KRISTI: More than a singer, a musician, or anything else, I feel I am a story teller, collecting stories and experiences that I like to share with other people through art.

STATHIS: There are many feelings inside of us that we like to share. I am happy that we managed to revoke some of the good ones.

“One can be sitting still in one place, but travelling at the same time. Travelling inside, travelling in the past, travelling in the future.”

Filmed at the magical Greek island of Astypalaia (where FK’s spirit was partly nurtured as well)  from 2003’s album Secret Of The Rocks:

Freegan Kolektiva: Your previous album ‘Taxidoscopio’ has to do with travelling the world. I personally know many constant travellers and sometimes they seem to be suffering from “not belonging to any society” or feeling that “the ideal place is always elsewhere”. Considering that at the same time you are getting deeper in your Greek roots, what do you think about the balance between travelling the world and delving into your own culture?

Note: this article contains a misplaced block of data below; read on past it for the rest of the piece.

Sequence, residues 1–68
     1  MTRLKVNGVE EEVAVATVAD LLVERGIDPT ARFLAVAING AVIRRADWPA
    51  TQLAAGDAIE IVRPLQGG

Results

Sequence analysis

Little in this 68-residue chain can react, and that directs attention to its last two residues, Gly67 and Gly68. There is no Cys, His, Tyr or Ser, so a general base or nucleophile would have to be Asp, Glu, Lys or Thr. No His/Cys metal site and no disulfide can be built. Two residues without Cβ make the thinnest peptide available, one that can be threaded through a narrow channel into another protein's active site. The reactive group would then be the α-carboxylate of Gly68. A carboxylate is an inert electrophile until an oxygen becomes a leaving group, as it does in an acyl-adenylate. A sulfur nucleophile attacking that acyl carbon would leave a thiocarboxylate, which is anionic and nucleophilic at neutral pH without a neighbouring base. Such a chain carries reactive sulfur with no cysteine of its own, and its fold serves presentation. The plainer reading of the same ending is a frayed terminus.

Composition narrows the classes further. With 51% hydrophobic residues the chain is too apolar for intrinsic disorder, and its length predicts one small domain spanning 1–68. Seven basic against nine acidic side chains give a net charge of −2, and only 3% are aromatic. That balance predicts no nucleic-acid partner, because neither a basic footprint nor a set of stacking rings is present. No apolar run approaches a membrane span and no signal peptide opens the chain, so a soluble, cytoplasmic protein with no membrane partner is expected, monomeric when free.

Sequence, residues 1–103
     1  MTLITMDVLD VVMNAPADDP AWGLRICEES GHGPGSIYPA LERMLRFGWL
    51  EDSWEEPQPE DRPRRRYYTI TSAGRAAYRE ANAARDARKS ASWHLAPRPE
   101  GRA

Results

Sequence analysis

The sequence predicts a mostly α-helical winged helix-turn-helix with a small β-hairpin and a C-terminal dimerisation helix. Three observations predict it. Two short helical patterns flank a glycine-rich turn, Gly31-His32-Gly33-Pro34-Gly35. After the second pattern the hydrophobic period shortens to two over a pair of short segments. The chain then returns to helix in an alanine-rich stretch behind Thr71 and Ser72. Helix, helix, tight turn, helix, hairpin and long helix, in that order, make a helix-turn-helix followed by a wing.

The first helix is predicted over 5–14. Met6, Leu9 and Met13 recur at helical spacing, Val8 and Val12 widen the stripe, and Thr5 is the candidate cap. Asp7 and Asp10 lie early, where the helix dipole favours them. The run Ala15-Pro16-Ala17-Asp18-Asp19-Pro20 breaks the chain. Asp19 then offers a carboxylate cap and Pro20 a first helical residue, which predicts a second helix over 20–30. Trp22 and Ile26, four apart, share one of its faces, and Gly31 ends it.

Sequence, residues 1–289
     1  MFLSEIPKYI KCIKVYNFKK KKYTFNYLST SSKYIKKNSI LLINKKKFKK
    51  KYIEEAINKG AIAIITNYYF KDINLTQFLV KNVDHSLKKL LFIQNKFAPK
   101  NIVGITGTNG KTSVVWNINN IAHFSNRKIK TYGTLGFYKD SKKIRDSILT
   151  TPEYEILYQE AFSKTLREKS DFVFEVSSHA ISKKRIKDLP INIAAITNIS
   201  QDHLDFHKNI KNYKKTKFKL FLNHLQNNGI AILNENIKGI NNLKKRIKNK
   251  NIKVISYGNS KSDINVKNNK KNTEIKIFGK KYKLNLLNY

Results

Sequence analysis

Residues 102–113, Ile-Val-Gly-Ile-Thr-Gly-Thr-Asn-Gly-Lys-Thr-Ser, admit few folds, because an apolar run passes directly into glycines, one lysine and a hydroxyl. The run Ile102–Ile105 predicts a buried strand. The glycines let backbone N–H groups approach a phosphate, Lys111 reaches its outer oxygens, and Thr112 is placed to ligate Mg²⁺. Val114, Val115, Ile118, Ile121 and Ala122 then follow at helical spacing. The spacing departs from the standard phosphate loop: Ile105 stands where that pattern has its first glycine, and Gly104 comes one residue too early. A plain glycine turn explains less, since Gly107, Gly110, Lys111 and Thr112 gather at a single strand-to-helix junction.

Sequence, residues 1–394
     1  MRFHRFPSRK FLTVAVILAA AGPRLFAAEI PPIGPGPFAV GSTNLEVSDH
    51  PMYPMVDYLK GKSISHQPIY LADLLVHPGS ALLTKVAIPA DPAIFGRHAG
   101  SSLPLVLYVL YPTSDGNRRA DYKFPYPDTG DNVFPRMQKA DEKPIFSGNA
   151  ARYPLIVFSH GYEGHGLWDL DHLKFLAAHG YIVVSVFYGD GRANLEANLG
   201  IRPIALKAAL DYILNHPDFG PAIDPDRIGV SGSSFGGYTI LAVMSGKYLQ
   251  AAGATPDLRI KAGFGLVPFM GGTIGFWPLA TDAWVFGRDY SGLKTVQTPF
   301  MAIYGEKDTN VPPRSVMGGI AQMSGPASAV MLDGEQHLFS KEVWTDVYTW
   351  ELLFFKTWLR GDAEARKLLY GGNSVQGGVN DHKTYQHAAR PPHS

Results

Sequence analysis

STATHIS:  Travelling, among other things, is also helping me to observe the small changes happening in a global scale. It also helps me realise and enjoy the real beauties of the place where I live. It was in South East Asia, back in 1986, when I first realised that the music heard and played there was the same Anglo-Saxon pop music heard and played also in my homeland. I didn’t like this homogenization. I felt that the planet was slowly tending to become a… boring place. The balance between travelling the world and delving in your own culture is simple: Be yourself. I am not trying to be “traditional” or “modern” or whatever.

KRISTI: Travelling has to do with space, but also with time. One can be sitting still in one place, but travelling at the same time. Travelling inside, travelling in the past, travelling in the future.

As for this common and natural human feeling of “the ideal place being always elsewhere”, I am trying to get rid of it and cultivate inside me the opposite feeling: “The ideal place is always where you find yourself!”